Rose: A compulsory eye test at the very least, considering so many older drivers have undeclared sight problems.

  5. Ursula: I hadn't thought about the insurance angle. I've never heard of any older drivers involved in accidents forfeiting their insurance cover, but I guess it could happen. My own insurance is very low, which must mean I'm seen as pretty safe.

    I'm glad your son is such an excellent driver, but there are plenty of younger drivers out there who're anything but. They seem to think they're immortal. So there's a strong case for retesting them as well.

    I've never had a serious accident in fifty years of driving, on and off. So to suggest I'm accident-prone because of my age would be a big insult.

  6. We are required to take an eye test every time we renew our driver's license, that includes peripheral vision. I think it's their way of catching older people who shouldn't be driving.

    My mom took my dad's car keys away a few years ago, but I think it's mostly because of his dementia and not because his reactions are slow or that he was a bad driver.

  7. We have to have an eye test whenever we renew. That part has nothing to do with age. But my last license was for only three years because of my age (before it was eight years), and Andy has to go in every year to get his eyes tested. It's a nuisance, but a reasonable check.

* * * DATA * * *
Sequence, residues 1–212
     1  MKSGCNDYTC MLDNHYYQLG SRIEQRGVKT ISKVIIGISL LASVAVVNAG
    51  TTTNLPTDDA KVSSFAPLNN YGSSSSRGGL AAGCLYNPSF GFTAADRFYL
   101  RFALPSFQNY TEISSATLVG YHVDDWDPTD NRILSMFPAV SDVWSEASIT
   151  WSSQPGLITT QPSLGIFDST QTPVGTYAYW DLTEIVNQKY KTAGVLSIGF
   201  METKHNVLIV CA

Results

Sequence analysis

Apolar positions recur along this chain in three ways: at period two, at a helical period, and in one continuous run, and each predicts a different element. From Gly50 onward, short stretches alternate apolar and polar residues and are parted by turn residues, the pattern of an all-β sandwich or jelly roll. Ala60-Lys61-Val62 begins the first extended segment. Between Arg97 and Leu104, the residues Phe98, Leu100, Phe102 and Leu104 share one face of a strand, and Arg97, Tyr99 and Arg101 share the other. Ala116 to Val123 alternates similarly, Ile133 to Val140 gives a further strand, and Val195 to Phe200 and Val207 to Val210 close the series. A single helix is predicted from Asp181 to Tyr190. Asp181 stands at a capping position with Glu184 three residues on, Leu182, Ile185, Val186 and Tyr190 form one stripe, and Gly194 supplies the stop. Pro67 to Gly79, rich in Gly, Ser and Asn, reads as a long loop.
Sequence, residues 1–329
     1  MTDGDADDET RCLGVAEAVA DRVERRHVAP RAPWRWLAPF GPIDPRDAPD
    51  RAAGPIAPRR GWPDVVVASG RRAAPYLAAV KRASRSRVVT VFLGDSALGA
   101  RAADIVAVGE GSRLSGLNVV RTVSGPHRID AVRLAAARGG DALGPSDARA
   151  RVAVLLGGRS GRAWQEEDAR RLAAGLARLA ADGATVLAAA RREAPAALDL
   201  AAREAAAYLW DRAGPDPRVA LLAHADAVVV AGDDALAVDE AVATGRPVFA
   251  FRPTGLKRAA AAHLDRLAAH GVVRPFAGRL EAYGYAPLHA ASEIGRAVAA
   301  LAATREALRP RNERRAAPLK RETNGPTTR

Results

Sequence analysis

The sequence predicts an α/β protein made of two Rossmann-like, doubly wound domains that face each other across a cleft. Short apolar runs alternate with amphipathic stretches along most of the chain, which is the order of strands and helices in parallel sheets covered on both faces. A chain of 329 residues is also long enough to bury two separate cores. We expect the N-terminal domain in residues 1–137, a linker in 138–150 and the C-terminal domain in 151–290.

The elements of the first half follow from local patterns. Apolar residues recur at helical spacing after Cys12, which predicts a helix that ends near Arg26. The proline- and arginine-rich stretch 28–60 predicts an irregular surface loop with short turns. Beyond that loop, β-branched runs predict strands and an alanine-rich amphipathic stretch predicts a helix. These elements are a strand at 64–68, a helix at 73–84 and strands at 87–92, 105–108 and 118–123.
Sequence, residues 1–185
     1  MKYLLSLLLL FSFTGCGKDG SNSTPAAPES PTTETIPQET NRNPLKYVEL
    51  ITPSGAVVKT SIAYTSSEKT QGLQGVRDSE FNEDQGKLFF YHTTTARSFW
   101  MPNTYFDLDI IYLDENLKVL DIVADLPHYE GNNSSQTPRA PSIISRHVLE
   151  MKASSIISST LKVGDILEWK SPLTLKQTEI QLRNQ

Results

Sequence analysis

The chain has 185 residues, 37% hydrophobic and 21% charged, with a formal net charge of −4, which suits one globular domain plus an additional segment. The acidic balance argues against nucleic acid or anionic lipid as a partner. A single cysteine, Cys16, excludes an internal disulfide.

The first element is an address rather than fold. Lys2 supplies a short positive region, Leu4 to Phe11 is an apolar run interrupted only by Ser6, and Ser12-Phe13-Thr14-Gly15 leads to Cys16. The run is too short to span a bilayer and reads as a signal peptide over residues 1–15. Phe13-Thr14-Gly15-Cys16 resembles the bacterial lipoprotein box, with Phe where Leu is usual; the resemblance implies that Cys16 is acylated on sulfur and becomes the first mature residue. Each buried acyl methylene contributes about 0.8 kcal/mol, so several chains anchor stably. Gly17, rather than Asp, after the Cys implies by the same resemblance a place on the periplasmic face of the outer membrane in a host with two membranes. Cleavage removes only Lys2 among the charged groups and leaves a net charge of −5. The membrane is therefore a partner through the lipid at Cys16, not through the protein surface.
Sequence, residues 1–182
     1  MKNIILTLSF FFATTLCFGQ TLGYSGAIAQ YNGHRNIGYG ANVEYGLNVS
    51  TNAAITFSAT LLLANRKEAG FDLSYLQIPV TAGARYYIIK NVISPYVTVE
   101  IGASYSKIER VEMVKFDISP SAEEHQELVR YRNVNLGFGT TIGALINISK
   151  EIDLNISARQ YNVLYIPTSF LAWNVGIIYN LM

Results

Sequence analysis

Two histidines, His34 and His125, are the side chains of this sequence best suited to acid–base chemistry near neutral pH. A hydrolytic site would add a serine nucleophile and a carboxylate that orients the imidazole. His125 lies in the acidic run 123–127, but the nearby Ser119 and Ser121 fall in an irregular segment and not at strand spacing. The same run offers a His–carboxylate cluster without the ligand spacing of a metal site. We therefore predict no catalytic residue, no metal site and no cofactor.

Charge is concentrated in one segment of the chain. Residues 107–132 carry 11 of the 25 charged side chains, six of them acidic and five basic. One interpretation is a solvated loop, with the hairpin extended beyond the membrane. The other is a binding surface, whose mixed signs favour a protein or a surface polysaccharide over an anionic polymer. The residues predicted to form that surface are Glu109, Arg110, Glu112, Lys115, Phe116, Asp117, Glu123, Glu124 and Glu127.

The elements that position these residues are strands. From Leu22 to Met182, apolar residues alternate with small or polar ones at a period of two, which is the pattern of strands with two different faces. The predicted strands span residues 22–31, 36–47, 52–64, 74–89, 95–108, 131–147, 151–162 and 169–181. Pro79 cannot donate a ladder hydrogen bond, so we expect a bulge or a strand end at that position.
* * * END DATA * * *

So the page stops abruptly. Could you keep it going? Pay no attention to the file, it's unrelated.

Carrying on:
8. Bijoux: We should probably have an eye test here, given so many older drivers have sight problems. My father never learnt to drive. My mother learnt in middle-age, and she was sensible enough to stop driving before she became a liability.

    Jean: As I said to Bijoux, an eye test should probably be compulsory here as well. My licence used to last ten years rather than eight.

  9. My thoughts are that if age does result in driving that's less safe it's because of physical degeneration rather than loss of skill. Reactions slow, and senses become blunted, so it would be more sensible to test these things, in a doctor's surgery, than to make people retake the driving test.

  10. You could argue all that, but what do the studies actually show. I found one article that stated, "According to a Carnegie Mellon University study, the fatality rate for drivers 85 and over is four times higher than it is for teenagers, who are usually pegged as our most reckless drivers." Apparently the problem is two-fold - older drivers have poorer vision and slower reflexes, and they are also considerably more fragile.

    But in the US, we take an eye exam every time we renew our licenses, regardless of the age. I don't know that testing driving ability is such a bad idea, either. There is a computerized driving simulation test people can take that assess ability to drive - that might be the easiest way.

  11. I think every age group has issues with driving, and it's not as clear cut as a simple 70 year-old boundary.
    Young drivers are often tarred with the 'fearless hooligan' brush, and in some cases deservedly so, but if you look around carefully you'll see far more of them driving sensibly.
    An old fart doddering along at 40mph in a 60 limit, peering through the steering wheel is a huge hazard, but you also see people in their seventies and beyond exhibiting perfectly good technique.
    And in the gulf between these two we have white van man, taxi drivers, people texting, women playing with their hair and checking their makeup in the mirror, lorries racing on the dual carriageway, tailgaters, drunks, and those who live their lives stressed out and angry.
    Age isn't a reliable indicator of driving ability - bad drivers are all around us and of all ages. Luckily, most people don't fall into this category, otherwise I'd hate to see the accident statistics.